Excess demand is another trigger, which can come from a run on purchases, like before a major storm. Or a big state-owned enterprise could buy up land in an area and drive overall price hikes. “People in China are used to these occasional bouts of inflation,” Lim said. “It’s more unusual now because the economy is not growing at great guns.” But spikes don’t happen constantly. The last time inflation topped 5% there was during the global financial crisis and the recovery.

Issues with imports

China for many years has imported a significant amount of agricultural products: at least $21.9 billion in food items in 2017, according to Chinese government data. That was before African swine fever, coronavirus, and trade wars. Reductions in domestic production because of the current virus outbreak, as well as the the previous drastic loss of pork herds, only add to the need to purchase more from other countries.

Imports face the twin issues of a weak currency (which helps China’s exports but makes products brought into the country more expensive) and tariffs on products from the U.S., which historically has been a major agricultural supplier.

“Tariffs … have a very mechanical impact [on prices]” and the tariffs aren’t likely to fall, said Frances Donald, chief economist and head of macro strategy at Manulife Investment Management. “In this environment of trade wars, the Chinese yuan is weakening.”

Then there is also the psychological reaction of hording in stressful times, something that anyone who has faced a major storm like a blizzard or hurricane has experienced. People worried about the ability to get what they will want stock up on items, including food.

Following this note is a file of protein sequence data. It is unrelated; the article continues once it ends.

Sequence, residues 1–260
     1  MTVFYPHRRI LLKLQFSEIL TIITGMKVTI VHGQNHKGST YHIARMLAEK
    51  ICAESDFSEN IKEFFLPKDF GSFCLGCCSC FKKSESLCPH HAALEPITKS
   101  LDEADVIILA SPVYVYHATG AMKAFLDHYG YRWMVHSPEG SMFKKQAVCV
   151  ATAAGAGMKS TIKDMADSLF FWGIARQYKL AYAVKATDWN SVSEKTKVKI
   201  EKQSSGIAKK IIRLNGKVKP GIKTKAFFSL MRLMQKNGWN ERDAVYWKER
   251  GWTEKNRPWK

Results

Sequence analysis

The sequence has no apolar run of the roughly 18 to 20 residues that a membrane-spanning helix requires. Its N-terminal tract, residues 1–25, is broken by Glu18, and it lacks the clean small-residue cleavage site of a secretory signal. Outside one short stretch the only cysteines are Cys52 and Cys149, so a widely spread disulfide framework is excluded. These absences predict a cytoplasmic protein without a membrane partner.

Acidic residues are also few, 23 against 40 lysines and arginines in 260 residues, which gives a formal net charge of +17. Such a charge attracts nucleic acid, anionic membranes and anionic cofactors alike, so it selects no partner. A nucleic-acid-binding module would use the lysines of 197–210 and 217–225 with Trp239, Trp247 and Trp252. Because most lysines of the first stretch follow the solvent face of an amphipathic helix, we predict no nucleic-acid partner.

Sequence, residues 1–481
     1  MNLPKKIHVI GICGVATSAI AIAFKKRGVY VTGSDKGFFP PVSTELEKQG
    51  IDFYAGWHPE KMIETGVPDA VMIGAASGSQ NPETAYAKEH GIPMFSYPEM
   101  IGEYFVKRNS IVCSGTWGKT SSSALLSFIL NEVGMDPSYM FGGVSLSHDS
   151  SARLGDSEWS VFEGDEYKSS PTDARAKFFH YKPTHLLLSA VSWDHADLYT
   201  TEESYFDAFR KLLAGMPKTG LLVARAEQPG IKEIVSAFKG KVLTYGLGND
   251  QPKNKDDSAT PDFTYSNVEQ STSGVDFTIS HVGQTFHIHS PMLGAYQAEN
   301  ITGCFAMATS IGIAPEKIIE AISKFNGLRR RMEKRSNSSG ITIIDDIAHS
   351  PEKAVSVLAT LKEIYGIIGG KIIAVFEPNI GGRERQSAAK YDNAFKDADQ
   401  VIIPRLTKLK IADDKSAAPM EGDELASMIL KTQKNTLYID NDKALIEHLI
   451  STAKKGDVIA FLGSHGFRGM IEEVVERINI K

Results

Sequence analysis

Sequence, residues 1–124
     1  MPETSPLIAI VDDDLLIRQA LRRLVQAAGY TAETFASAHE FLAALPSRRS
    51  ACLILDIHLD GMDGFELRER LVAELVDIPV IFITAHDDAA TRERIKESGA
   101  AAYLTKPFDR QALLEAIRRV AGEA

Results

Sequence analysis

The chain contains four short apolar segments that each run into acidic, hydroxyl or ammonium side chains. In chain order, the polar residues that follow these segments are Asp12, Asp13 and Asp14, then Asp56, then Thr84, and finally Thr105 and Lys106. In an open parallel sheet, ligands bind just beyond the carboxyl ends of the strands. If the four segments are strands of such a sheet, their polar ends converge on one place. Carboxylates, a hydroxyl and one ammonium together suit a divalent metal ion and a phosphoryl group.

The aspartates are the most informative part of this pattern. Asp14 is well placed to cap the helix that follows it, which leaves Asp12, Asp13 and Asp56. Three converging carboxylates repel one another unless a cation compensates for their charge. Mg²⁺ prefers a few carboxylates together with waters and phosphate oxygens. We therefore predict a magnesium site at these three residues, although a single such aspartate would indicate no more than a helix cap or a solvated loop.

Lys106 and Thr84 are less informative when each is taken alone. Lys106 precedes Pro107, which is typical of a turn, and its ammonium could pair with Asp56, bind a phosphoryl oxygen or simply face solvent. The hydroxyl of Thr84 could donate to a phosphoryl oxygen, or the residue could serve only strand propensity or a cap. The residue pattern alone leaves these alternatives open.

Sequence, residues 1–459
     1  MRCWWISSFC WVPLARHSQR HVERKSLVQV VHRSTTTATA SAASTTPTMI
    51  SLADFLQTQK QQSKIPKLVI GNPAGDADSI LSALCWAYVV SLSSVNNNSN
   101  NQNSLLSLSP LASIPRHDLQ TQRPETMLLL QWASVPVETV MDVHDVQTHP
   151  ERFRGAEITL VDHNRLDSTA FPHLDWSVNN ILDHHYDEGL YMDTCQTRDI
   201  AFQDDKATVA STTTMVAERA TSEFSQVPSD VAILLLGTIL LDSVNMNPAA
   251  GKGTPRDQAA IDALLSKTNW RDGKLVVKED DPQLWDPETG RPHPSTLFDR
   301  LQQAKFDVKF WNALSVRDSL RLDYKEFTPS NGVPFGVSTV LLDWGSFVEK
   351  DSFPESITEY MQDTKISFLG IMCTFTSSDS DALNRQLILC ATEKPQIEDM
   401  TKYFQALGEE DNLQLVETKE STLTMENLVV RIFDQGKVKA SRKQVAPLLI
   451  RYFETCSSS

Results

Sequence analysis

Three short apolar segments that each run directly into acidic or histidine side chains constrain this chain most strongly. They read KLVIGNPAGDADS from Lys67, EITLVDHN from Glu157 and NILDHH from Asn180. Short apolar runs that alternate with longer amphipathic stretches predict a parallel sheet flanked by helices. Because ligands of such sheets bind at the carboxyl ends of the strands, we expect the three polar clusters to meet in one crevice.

Currently in China, CPI is not a measure that government officials pay much attention to, according to Donald. Tom Graff, head of fixed income at Brown Advisory agrees it’s unlikely Chinese officials will take action in the near term.

But, said Ying Wu, assistant professor of finance and economics at Stevens Institute of Technology, “we haven’t heard that much from the rural areas. Who are going to raise chickens, cows, and pigs to stabilize the market?” If production and distribution of basic items continue to stall, prices could go up even more. That could, in turn, would hurt small- and medium-sized businesses, with a knock-on effect spreading beyond just food and further pushing up prices.

“If inflation broadly becomes a concern to the average person in China, it’s something [the government is] not going to ignore,” Graff said. “This is not a great time to make the Chinese central bank think about controlling inflation when they need to be stimulating growth.”

To slow inflation, governments typically take actions like raising interest rates or taxes to cool the economy so prices can again come under control. China’s government has a heavy impact on the private sector and can do things like creating administrative restrictions to slow the economy, reducing demand and taking pressure off prices.

“I suspect given their recent history, they’d go for growth rather than inflation,” Graff said.

Correction, February 18, 2020: A previous version misstated Frances Donald’s title.